What I would like to suggest is that the legislature craft a law which does away with the pensions of these criminals. Ms Shrenko, for instance, has no business feeding off the taxpayers after her convictions. Put that in jeopardy, and some of this nonsense would ever be more than a thought.

Little Lamb
45870
Points
Little Lamb 03/30/13 - 03:40 pm
0
2
Pension

Well, my.voice, would you be in favor of a federal law which does away with Social Security benefits for people convicted of white collar crime?

Fiat_Lux
15410
Points
Fiat_Lux 03/30/13 - 03:42 pm
1
0
This bunch of troll made national news

They are an item on the crawl for the news stations.

Isn't this just wonderful? What a black eye this bunch of losers has given us. They can't teach their students because so many of them are so poorly socialized they can't even sit still in a classroom, yet somehow they think it's alright to cheat and make them look better than they really are.

And why? Not for the good of the students, but so they can get more money out of the fed to give big bonuses to their sorry selves. Put them under the jail. Tear down their houses, burn their cars, salt their land. Erase all memory of them.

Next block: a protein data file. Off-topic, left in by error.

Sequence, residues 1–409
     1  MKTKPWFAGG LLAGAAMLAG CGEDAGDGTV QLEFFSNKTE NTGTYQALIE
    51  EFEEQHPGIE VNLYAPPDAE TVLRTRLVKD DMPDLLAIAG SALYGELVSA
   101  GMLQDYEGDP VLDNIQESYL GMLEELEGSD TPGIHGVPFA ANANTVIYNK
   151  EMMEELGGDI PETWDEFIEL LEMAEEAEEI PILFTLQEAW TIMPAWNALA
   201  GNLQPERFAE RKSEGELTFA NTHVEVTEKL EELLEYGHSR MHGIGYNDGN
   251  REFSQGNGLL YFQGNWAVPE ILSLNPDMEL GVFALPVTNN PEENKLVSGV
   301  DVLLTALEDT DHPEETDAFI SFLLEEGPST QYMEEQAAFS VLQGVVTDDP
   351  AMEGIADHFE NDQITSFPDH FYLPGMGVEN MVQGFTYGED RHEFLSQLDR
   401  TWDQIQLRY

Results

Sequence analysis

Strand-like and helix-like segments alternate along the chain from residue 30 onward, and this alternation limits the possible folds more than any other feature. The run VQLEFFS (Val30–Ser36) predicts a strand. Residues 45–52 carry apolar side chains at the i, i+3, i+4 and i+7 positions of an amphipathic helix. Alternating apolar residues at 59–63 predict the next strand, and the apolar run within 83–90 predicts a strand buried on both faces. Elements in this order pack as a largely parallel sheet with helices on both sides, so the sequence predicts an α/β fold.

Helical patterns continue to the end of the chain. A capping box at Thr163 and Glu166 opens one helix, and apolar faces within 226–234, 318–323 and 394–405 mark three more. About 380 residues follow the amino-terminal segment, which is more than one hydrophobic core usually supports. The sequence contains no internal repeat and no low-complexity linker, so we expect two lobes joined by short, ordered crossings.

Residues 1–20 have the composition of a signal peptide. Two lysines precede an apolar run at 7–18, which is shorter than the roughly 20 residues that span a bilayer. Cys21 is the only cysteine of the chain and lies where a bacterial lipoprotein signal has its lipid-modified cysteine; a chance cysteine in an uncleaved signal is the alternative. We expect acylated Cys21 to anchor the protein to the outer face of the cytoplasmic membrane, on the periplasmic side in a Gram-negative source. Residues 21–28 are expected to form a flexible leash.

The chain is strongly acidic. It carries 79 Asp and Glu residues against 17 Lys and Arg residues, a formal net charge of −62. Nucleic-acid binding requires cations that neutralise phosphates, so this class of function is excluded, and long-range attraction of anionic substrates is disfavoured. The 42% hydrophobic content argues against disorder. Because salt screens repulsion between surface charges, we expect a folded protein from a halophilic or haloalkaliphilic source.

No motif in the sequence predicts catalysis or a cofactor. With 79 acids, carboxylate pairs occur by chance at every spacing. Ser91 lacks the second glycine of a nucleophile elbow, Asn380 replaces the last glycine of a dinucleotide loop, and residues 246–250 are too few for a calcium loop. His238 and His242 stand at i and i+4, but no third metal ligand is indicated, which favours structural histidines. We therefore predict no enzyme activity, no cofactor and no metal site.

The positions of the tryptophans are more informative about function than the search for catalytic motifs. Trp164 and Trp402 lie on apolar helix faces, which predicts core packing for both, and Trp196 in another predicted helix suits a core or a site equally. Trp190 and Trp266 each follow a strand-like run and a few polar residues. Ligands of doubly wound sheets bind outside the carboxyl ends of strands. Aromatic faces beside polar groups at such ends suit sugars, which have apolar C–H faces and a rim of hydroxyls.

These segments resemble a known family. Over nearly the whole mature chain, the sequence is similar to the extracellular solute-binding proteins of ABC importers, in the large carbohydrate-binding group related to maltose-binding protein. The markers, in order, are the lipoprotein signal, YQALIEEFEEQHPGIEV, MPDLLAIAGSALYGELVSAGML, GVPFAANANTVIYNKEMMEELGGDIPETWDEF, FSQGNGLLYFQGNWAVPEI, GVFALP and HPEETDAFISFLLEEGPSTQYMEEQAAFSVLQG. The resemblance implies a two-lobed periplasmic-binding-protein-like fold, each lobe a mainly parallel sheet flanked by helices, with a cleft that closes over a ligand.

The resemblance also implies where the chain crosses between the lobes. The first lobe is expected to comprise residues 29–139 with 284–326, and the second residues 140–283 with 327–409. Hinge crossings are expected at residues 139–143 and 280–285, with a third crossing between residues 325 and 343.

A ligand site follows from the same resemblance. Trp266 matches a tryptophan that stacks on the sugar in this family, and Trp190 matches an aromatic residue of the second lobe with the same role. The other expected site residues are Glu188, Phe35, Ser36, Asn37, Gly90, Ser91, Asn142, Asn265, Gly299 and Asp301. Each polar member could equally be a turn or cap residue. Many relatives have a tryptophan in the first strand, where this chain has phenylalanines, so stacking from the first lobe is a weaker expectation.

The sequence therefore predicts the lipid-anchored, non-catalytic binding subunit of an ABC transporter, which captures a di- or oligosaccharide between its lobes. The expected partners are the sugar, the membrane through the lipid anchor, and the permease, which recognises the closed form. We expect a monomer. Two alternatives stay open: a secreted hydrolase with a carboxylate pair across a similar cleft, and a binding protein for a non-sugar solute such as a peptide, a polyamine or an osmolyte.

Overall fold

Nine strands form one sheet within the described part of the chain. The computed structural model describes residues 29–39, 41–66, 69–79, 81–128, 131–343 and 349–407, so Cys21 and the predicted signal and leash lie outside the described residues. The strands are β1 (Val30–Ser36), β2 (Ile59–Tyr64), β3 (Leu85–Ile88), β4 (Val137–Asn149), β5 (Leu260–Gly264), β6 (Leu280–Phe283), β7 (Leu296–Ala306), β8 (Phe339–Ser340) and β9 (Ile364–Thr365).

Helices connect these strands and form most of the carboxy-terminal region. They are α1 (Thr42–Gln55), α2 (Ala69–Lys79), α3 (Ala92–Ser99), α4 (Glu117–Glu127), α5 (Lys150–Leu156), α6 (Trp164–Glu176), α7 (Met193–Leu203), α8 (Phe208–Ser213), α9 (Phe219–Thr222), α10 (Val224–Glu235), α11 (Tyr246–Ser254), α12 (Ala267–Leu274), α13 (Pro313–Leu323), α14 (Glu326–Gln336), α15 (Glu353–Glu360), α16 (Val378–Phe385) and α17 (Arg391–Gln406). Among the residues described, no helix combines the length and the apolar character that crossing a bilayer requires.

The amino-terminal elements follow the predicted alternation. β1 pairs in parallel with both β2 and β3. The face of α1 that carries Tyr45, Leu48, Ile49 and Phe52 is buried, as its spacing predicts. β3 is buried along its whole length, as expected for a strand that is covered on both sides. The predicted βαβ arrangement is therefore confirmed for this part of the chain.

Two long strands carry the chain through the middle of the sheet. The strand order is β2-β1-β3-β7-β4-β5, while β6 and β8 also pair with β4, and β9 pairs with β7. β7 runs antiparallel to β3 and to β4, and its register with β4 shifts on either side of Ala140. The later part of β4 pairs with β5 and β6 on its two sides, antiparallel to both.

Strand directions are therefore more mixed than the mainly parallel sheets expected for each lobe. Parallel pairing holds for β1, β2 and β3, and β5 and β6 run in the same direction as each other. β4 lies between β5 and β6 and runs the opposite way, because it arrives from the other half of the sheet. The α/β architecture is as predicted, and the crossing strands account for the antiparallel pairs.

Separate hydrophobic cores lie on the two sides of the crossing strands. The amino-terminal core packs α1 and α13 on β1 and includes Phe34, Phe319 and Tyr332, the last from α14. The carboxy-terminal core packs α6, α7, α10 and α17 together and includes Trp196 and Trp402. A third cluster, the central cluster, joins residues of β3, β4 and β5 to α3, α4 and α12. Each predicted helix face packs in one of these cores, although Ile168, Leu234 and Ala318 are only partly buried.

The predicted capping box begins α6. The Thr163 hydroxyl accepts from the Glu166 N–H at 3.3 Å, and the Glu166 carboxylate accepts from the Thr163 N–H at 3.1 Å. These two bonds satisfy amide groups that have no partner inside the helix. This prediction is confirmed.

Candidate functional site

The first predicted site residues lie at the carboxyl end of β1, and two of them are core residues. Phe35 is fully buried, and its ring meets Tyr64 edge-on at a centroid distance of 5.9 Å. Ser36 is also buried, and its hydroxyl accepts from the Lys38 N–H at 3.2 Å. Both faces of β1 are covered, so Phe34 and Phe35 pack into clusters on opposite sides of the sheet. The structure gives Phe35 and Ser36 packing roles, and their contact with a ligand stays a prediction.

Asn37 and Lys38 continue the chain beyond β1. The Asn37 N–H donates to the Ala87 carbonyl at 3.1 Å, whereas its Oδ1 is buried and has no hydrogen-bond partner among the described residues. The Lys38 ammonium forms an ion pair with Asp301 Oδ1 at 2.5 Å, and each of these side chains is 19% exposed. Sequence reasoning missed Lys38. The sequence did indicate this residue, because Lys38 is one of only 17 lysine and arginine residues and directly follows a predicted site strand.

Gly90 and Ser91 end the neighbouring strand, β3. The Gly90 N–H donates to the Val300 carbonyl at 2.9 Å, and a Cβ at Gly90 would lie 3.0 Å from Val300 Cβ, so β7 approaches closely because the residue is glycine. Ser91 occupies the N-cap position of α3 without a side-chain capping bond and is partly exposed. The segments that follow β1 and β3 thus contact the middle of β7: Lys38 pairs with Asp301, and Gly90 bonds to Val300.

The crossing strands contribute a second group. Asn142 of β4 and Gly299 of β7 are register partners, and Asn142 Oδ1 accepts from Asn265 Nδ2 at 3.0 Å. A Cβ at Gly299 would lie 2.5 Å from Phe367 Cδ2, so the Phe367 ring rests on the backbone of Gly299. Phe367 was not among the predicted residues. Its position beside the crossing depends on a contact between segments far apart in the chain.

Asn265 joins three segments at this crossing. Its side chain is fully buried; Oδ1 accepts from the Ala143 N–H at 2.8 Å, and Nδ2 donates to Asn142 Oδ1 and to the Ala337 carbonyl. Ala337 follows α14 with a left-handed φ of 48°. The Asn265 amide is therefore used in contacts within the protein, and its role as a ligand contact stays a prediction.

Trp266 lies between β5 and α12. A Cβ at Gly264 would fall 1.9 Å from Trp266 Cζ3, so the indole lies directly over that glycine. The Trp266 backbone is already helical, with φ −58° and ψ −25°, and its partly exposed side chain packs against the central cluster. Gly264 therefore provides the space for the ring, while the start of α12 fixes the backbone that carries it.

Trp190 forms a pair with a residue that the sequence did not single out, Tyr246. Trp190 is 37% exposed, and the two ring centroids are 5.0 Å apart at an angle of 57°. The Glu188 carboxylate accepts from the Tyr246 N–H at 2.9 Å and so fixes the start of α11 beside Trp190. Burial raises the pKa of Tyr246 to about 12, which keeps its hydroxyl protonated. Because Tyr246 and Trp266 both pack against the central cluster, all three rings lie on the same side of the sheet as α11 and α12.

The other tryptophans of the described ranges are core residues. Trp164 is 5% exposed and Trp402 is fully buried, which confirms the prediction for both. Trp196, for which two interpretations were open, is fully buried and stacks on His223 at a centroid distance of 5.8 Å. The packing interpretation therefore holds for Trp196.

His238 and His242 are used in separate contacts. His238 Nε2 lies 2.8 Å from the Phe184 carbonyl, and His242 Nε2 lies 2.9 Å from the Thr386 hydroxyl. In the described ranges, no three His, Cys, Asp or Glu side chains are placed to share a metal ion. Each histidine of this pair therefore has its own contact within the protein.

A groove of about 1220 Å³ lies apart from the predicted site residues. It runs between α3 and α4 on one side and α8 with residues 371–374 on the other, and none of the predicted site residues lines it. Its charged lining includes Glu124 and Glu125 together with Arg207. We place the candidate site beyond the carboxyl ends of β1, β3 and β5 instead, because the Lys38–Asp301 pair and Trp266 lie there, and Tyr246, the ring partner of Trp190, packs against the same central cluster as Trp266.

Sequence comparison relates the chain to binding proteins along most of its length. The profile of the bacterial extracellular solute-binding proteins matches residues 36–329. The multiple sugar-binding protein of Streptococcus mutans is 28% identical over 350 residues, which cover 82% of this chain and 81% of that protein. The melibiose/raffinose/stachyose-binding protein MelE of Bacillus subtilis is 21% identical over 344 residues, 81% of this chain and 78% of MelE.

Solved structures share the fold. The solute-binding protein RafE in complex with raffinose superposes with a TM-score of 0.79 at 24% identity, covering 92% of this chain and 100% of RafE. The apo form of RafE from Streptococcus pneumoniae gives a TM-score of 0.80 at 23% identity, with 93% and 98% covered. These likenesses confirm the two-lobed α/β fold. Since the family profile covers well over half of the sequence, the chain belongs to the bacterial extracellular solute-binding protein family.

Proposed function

harley_52
23272
Points
harley_52 03/30/13 - 04:31 pm
1
0
We Should Fire....

....eighty percent of all School Administrators across the Country and then take a real close look at those who remain. That's after we have eliminated the federal Department of Education. Teachers don't teach any more, they follow the agenda driven curricula created by these agenda driven Administrators to indoctrinate students instead of teaching. We spend more money per student than any other nation, yet we can't compete with most developed nations. Most of the money is wasted on School Administrators and on the liberal programs they push.

Darby
25577
Points
Darby 03/30/13 - 06:16 pm
2
0
You pay bonuses for high grades...

you're gonna get a bunch of high grades.

Anything the government subsidizes, you automatically get more of. From Obama phones, to high test scores and graduation rates.

What you can't buy, no matter how much money you give away, is higher literacy.